A similarly competitive situation appears to be developing over in southern Sudan, where Scandrol and Swanepoel Safaris have already announced their intention to begin offering safaris as soon as they can. Joining them in the rush to open this area is Angelo Dacey of Sudan Wildlife Safaris Co. Ltd. Dacey, of course, has worlds of experience there, as well as good contacts. We hope to have a report soon on his latest exploratory and his emerging plans to pry the southern part of this nation open again to safari hunting.
One hold-up to the development of hunting in Sudan is the current US embargo. It is illegal at present for US citizens to have any financial dealings with Sudanese nationals, though it is hoped that an exception will be made for Sudanese who live in the largely Christian/Animist African (as opposed to Arab) southern part of the country. The south is strongly pro-American. It's also rich in oil, and American oil companies are there, jockeying for position. The wild card is political stability. A peace accord between the Arab north and African south has been signed, but it is anyone's guess whether it will hold.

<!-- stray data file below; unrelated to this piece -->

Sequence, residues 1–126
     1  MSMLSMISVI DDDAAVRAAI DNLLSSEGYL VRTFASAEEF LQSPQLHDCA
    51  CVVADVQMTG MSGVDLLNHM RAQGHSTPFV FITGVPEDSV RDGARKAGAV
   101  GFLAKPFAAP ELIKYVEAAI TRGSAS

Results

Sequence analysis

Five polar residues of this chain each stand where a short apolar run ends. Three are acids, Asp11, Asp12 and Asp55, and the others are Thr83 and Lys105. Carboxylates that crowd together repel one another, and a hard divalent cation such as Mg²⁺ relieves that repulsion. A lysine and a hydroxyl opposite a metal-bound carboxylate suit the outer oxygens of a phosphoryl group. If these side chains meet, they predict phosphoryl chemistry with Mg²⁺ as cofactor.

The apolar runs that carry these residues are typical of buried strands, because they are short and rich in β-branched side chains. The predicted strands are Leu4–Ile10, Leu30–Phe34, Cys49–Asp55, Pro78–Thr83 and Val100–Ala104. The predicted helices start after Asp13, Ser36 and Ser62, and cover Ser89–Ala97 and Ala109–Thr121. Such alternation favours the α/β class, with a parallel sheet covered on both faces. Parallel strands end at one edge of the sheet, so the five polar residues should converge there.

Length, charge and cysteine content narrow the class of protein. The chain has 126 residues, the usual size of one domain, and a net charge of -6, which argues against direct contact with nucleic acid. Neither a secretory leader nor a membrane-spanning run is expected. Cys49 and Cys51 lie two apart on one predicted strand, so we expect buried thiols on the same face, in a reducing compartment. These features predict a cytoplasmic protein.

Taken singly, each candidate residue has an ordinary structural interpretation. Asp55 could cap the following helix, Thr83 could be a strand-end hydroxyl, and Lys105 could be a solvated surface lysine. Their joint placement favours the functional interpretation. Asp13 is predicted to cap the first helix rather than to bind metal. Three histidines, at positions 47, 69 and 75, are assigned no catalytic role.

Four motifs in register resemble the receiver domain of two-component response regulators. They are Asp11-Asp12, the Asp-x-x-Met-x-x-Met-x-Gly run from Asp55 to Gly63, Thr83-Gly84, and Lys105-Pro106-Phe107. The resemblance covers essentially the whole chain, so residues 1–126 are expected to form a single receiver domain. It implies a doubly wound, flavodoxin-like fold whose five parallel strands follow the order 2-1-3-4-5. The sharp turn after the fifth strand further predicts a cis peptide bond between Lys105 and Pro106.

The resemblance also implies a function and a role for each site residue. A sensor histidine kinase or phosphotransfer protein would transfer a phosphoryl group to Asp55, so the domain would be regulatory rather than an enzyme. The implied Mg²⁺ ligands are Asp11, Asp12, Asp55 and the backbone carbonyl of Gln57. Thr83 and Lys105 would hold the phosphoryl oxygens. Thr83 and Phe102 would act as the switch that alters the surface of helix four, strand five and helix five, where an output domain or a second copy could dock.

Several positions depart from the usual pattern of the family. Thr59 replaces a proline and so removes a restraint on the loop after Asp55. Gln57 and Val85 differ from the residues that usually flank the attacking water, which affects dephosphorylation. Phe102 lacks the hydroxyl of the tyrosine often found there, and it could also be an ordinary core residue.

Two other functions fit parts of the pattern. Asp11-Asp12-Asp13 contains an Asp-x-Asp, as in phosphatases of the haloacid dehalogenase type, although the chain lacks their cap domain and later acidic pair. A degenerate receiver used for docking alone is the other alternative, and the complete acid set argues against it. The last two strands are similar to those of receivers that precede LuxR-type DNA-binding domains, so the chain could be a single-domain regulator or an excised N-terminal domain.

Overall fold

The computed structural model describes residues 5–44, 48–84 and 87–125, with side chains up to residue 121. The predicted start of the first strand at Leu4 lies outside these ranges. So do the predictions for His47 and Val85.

For certain, southern Sudan has a wealth of game. Opening the region will be a major development in African hunting. Our advice, though, is to be careful putting money down on a safari anywhere in Sudan right now. No matter what you hear, our State and Treasury departments have not ok'd American dealings there. As for non-Americans, it is worth remembering that the war in Sudan is Africa's oldest and bloodiest. It may not be over yet.